• They say SRC has become an impediment to the continuous social dialogue between workers and the employers.
• They cited a case where KMPDU had negotiated and agreed with Kenyatta National Hospital on issues pertaining to the workers' pay at the facility.
Public sector trade unions have threatened to use legal means to remove the Salaries and Remuneration Commission from office.
The nine unions said they will collect more than one million signatures from their members to initiate the ouster once the 13the Parliament convenes first sitting on Thursday this week.
In a joint statement on Sunday, the unions through their secretary generals accused the SRC over what they termed as constant interference in the negotiation of their Collective Bargaining Agreements (CBAs) and ‘mutilation’ of successfully concluded agreements.
They cited a case where KMPDU had negotiated and agreed with Kenyatta National Hospital on issues pertaining to the workers' pay at the facility.
"SRC in their own opinion without any consultation or without understanding the nature of work that these workers are doing at KNH decided to object and say there is no negotiation that needs to be done,” KMPDU SG Davji Atellah said.
"When we decide to collect one million signatures to disband SRC we will do it as workers because we believe it is SRC that will cause industrial disharmony in this country and not the negotiation between workers and employers,” he added.
The group comprises of the Kenya Medical Practitioners, Pharmacists and Dentists Union (KMPDU), the Kenya Universities Staff Union (KUSU), the Kenya Union of Clinical Officers (KUCO), the Kenya Aviation Workers Union and Union of Kenya Civil Servants.
Others include the Kenya Union of Domestic Hotels Educational Institutions Hospitals & Allied Workers (Kudheiha), Kenya County Government Workers Union, Kenya Electrical Traders and Allied Workers Union and Kenya Union of Commercial Food & Allied Workers.
According to the KUSU secretary general Charles Mukhwaya, SRC has become an impediment to the continuous social dialogue between workers and the employers.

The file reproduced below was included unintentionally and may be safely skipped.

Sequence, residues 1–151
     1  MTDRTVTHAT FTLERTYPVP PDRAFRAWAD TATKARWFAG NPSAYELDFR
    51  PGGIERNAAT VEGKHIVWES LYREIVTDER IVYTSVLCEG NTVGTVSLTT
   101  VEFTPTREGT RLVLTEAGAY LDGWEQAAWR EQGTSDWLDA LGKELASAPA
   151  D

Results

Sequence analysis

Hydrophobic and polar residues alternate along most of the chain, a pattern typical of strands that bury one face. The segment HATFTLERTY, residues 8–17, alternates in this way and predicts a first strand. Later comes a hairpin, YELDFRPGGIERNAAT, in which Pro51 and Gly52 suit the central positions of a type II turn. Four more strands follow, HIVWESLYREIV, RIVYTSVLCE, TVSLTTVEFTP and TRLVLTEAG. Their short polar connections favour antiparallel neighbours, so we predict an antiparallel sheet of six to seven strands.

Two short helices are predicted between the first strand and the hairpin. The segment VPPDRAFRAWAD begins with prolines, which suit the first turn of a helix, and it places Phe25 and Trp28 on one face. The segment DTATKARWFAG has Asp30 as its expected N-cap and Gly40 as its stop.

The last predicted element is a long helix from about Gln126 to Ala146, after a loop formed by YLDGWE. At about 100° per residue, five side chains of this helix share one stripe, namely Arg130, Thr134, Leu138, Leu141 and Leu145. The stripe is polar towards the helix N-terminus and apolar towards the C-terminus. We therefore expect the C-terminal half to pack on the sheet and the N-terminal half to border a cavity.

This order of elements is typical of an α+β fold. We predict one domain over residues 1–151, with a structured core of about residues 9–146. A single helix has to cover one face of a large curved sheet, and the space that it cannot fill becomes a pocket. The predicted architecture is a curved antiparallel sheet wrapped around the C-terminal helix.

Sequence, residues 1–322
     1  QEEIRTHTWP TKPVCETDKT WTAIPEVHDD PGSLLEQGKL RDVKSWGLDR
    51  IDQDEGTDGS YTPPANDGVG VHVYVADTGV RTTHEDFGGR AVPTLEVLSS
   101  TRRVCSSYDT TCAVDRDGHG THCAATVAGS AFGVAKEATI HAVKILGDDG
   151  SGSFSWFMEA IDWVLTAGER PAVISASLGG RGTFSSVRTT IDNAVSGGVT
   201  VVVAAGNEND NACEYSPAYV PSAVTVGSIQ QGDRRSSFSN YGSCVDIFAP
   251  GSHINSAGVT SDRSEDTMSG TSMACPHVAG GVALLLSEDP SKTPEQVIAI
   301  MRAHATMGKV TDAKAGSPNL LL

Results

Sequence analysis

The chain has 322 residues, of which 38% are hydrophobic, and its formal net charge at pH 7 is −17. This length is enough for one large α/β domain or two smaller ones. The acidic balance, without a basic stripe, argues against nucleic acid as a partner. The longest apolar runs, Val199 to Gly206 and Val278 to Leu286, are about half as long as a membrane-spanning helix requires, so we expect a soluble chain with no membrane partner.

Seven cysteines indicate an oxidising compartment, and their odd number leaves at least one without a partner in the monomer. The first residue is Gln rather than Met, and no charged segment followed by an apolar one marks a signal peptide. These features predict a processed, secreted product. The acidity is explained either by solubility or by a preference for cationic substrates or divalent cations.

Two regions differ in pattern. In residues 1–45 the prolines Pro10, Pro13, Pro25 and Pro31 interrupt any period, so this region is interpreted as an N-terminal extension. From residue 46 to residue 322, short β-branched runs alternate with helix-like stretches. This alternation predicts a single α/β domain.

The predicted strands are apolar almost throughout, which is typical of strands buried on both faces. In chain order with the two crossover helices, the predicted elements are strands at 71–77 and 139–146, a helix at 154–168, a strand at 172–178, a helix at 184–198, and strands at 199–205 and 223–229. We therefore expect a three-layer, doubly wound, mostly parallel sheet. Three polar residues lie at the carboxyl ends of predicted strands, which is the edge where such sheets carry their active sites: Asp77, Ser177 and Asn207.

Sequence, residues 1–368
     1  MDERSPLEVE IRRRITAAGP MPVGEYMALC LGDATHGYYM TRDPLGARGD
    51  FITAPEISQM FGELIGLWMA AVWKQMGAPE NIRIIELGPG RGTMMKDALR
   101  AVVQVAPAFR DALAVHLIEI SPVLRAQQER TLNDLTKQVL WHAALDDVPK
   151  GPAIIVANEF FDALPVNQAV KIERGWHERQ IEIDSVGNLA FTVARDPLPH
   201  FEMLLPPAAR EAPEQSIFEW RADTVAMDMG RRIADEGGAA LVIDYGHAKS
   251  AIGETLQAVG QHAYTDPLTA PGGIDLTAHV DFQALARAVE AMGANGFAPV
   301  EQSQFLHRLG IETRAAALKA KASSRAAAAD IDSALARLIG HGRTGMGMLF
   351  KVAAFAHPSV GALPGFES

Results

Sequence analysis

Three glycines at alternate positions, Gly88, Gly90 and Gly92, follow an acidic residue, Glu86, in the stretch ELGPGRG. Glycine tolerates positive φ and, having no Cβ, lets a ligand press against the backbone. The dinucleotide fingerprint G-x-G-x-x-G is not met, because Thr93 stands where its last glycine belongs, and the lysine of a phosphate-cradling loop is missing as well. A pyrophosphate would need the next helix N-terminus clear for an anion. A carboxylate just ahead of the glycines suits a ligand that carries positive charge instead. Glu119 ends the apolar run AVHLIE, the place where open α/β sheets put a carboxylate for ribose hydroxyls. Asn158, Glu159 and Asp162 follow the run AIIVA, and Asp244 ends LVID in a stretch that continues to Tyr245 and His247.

Mukhwaya termed the decision by SRC to suspend CBA negotiation on monetary gains and the proposals to scrap allowances as unfair to the Kenyan workers as it was made without stakeholder participation.
“Lately, what we have witnessed is an opaque body that consults no one and listens to no one,” Mukhwaya said.
“The Commission deliberately frustrates and suffocates collective bargaining process by issuing unrealistic advisories that not only render negotiation a public relation exercise but also veto mutually agreed,” he added.
They have further noted that the current impasse between SRC and MPs confirms their fears that the commission has become ‘rogue’ as it makes unilateral decisions without stakeholder participation.
The commission is currently locked in deadlock with MPS over fresh demands for perks by the lawmakers.
They are unhappy with SRC’s provision that they limit the engine capacity of their vehicles at 3,000cc.
The MPs also sought the reinstatement of the plenary sitting allowances, saying they are under pressure from their constituents who see them as ‘ATMs’.
Lawmakers also fought the reduction of mileage allowance from Sh187 to Sh119 per kilometre.
Some MPs argued the new rate would be costly for their big cars and want the old figure used.
In July, the SRC abolished plenary allowances and introduced a Sh150,000 house allowance pushing MPs pay upwards to Sh710,000.
The commission also gave MPs and MCAs hefty direct benefits including mortgage, which has been revised upwards to Sh35 million.
“As we appreciate the current government and his excellency President William Ruto, it is our believe that one of the first hustler nation workers are the public sector who have been hustling and hustling and hustling with no end,” Kenya civil servants SG Lameck Abrahams said.